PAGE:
When diacetyl and 2,3 pentanedione (a diacetyl substitute) was tested for in the air at a small coffee roasting plant, the levels were shockingly high, according to a study published last year by Toxicology Reports, an online journal. According to the study, green unroasted coffee beans contain little to no diacetyl or 2,3-pentanedione. It’s the roasting process that plumes the toxicity into the air, and if a facility doesn’t have proper ventilation, the concentrations could prove to be health-damaging. A second study published by Toxicology Reports by some of the same authors simulated a coffee-shop setting where the exposure to both the barista and ... Read More

Big Pharma spending billions on direct-to-consumer drug advertising

In a recent article on drug advertising, STAT analyzed data from Kantar Media, Nielsen, and iSpot.tv market reports. STAT noted that the data neglected to include the hundreds of millions of dollars spent on digital ads and social media, focusing on the list price of TV and print ads, as it is more difficult to isolate costs in these new advertising categories. “Pharma companies know who they’re going after, and they really focus on reaching those people,” Timothy Calkins, a marketing professor at Northwestern University’s Kellogg School of Management, told STAT. Based on the results of the data, top drug ... Read More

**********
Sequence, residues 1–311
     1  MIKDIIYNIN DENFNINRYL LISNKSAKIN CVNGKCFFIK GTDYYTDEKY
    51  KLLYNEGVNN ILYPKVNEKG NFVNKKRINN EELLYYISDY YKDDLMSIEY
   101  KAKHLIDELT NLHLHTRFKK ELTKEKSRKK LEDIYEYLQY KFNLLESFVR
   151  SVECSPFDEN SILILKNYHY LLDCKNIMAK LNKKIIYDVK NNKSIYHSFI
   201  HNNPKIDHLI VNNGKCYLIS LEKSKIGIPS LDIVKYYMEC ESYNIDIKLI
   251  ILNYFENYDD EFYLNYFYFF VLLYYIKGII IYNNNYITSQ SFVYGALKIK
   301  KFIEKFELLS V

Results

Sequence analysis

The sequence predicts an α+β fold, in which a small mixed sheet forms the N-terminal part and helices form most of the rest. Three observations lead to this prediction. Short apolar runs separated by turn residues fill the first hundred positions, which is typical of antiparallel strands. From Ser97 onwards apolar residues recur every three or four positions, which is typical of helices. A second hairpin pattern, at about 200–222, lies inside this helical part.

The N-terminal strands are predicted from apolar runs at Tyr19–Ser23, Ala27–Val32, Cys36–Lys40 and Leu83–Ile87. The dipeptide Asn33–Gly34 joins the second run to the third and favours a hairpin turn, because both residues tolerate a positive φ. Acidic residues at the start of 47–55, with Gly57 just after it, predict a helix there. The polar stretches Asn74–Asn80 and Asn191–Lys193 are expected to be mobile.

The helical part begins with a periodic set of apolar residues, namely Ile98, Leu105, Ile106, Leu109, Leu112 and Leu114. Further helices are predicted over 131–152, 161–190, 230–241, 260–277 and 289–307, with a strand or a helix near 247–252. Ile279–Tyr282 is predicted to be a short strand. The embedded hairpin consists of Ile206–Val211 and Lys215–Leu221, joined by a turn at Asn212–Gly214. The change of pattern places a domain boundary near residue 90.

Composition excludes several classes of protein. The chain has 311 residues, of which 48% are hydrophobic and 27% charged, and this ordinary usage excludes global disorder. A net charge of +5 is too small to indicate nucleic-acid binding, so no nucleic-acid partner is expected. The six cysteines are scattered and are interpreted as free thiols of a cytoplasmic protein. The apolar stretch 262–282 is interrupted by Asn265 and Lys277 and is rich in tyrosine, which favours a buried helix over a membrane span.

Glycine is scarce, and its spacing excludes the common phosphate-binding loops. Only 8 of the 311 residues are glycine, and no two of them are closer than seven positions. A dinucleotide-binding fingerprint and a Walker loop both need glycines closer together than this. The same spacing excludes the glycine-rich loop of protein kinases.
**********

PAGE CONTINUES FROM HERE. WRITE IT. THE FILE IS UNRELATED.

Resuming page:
Bloomberg settles overtime class action for $3.2M after allegedly breaking FLSA regulations

A Fair Labor Standards Act (FLSA) class action against financial media giant Bloomberg settled this week for a total of $3.2 million, allowing its employees that did not receive overtime pay in the past to receive due compensation. Common protocol within the FLSA allows employees working in excess of 40 hours a week to earn time-and-a-half. According to plaintiff Shervez Jackson, a Bloomberg employee from 2008 until 2010 working in customer service, the company typically required her to work 10 additional hours than what she was being compensated for. The complaint alleged Bloomberg also expected Jackson to arrive at work early, ... Read More

Whistleblower retaliation suit against Oregon counseling center bound for trial

A Klamath County, Ore., Circuit Court judge rejected a motion for a summary judgement made by a substance-abuse treatment facility seeking to resolve a $4.4-million whistleblower lawsuit filed by a former counselor alleging she was demoted in retaliation for calling out the sexual abuse of patients. According to the (Medford, Oregon) Mail Tribune, Judge Dan Bunch denied the motion by OnTrack and its director, Rita Sullivan, saying the motives and intents presented in the lawsuit could only be settled by a jury. The whistleblower retaliation lawsuit was filed by former OnTrack counselor Chavala Bates, who accused a fellow counselor of ... Read More